Extra circumstances that can add to or subtract the base level are also described in the manual. This type of up-or-down change is called a “departure.” Anything that causes the base level to increase to a higher number is called an “upward departure” or “enhancement.”
The other main component used to characterize a criminal for sentencing purposes is the person’s criminal history. Above the six columns of number are Roman numerals and criminal history points. These points are allocated by considering a person’s criminal past together with their current crime. An example might be a case where a person’s current crime occurred while on probation for a past crime. This would result in a n enhancement yielding a higher criminal history number. The chapter of The Sentencing Manual which deals with criminal history gives details on how to rate a person’s criminal history category.
The category a person falls under is determined by his or her personal criminal history. (Sec. 4A1.1) unless the individual is defined as Career Offender (Sec. 4B1.1) or an Armed Career Criminal (Sec. 4B1.4).
Provided here are the essential portions of the guidelines chapter on criminal history. This information may be used to estimate your own criminal history points for use in the “sentencing table.” Please be aware that nay number of things can influence the final total. Only your lawyer and prosecutor can hammer out the real numbers. This material is presented to help you understand how things work. You grasp of the system’s workings just might aid your lawyer in working with you.
Note: The legal expression, “instant offense” simply means the offense with which you are currently charged.
Criminal History Category:
The total point [from items (a) through (f)] determine the criminal history category in the Sentencing Table.
(a) Add 3 points for each prior sentence of imprisonment exceeding one year and one month.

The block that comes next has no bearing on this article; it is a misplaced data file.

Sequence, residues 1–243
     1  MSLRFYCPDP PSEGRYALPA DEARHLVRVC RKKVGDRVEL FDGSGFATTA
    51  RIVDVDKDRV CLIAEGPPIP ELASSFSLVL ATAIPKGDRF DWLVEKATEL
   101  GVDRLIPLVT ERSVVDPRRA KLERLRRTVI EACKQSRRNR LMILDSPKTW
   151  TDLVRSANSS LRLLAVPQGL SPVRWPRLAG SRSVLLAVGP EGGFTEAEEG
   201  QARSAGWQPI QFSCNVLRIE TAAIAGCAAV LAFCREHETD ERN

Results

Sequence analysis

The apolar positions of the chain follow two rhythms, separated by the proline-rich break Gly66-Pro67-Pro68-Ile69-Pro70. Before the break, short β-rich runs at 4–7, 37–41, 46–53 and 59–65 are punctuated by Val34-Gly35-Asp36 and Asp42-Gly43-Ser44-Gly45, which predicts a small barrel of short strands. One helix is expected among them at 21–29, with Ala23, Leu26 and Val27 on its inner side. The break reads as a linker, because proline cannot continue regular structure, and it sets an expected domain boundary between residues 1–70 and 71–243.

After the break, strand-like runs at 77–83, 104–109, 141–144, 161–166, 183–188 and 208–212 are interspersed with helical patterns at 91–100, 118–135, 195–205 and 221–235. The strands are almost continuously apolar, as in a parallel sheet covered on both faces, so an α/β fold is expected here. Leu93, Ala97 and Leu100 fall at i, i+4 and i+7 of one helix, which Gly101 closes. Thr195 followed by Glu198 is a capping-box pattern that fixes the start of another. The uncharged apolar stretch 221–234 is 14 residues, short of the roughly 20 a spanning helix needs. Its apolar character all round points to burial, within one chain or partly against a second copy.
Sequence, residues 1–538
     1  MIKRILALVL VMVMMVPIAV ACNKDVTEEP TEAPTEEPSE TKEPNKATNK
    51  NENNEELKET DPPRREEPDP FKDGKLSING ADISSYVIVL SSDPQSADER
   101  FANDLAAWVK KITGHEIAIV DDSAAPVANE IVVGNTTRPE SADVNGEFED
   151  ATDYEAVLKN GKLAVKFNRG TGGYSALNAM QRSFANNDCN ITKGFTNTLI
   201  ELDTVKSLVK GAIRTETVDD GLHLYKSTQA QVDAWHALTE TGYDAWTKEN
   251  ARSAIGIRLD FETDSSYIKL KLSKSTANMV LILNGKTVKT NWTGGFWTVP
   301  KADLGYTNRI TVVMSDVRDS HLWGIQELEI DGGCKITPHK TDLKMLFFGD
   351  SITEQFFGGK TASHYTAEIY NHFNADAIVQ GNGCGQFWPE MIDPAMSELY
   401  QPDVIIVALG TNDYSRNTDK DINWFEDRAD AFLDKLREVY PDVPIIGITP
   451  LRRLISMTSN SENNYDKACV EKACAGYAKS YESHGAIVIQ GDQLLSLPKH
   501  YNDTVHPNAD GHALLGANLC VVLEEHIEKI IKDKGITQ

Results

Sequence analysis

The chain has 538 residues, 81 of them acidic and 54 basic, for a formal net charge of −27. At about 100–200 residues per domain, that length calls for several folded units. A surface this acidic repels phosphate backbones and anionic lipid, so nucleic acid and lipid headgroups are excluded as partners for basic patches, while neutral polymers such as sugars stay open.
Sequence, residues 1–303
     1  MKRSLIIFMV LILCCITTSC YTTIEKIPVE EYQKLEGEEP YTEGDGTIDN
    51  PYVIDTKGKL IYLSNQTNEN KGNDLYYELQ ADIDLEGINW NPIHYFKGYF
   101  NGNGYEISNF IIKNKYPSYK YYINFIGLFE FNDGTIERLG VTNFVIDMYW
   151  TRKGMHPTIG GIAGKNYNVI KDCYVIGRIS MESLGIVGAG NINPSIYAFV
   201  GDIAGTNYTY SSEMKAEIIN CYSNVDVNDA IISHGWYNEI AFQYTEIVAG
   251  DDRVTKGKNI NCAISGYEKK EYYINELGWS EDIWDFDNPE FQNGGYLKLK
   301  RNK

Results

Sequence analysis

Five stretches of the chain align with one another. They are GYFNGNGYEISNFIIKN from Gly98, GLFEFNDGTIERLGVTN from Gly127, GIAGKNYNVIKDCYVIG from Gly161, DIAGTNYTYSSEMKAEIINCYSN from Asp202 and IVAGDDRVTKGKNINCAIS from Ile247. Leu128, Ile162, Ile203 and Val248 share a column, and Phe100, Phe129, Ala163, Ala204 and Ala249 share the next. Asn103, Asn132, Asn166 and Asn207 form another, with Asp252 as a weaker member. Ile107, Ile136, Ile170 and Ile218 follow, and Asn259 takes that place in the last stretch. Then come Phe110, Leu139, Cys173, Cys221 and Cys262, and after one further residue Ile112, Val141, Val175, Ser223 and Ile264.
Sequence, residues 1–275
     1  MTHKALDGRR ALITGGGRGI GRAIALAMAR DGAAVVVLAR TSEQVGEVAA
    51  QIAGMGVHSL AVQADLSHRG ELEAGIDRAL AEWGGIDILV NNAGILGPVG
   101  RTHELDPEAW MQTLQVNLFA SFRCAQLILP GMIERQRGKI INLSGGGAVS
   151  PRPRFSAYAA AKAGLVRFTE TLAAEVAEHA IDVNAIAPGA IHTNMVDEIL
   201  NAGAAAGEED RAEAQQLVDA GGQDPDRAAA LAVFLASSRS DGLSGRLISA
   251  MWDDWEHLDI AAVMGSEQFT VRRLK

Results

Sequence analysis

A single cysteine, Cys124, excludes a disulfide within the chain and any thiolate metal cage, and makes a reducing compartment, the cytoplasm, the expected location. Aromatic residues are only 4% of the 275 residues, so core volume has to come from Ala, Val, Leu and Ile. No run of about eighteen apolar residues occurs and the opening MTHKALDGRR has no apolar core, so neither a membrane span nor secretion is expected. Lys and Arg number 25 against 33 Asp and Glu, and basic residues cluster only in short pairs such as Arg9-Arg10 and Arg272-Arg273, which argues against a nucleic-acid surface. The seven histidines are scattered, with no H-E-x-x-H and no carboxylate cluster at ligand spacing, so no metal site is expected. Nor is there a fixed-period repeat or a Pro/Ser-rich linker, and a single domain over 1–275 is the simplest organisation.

(b) Add 2 points for each prior sentence of imprisonment of at least sixty days not counted in (a).
(c) Add 1 point for each prior sentence not counted in (a) or (b), up to a total of 4 points for this item.
(d) Add 2 points if the defendant committed the instant offense while under any criminal justice sentence, including probation, parole, supervised release, imprisonment, work release, or escape status.
(e) Add 2 points if the defendant committed the instant offense less than two years after release from imprisonment of a sentence counted under (a) or (b) or while in imprisonment or escape statues on such a sentence. If 2 points are added for item (d), add only 1 point for this item.
(f) Add 1 point for each prior sentence resulting from a conviction of a crime of violence that did not receive any points under (a), (b), or (c) because such sentence was considered related to another sentence resulting from a conviction of crime of violence, up to a total 3 points for this item. It is understood that this item does not apply when the sentences are considered related because the offense occurred on the same occasion.
A defendant is a career offender if (1) the defendant was a t least eighteen years old at the time defendant committed the instant offense of conviction, (2) the instant offense of conviction is a felony that is either a crime of violence or a controlled substance offense, and (3) the defendant has a t least two prior felony conviction of either a crime of violence or a controlled substance offense. If the offense level for a career criminal from the table below is greater than the offense level otherwise applicable, the offense level from the table below shall apply a career offender’s criminal history category in every case shall be Category VI.
Offense Statutory Maximum Offense Level
(A) Life 37
(B) 25 years or more 34
(C) 20 years or more, but less than 25 years 32
(D) 15 years or more, but less than 20 years 29
(E) 10 years or more, but less than 15 years 24
(F) 5 years or more, but less than 10 years 17
(G) More than 1 year, but less than 5 years 12
* If an adjustment from Sec.3E1,1 (Acceptance of Responsibility) applies, decrease the offense level by the number of levels corresponding to the adjustment.
The Morales Law Firm would like to thank Mad Dogs guide to Club Fed (Instruction Manuel for Newcomers) for sharing this information with us.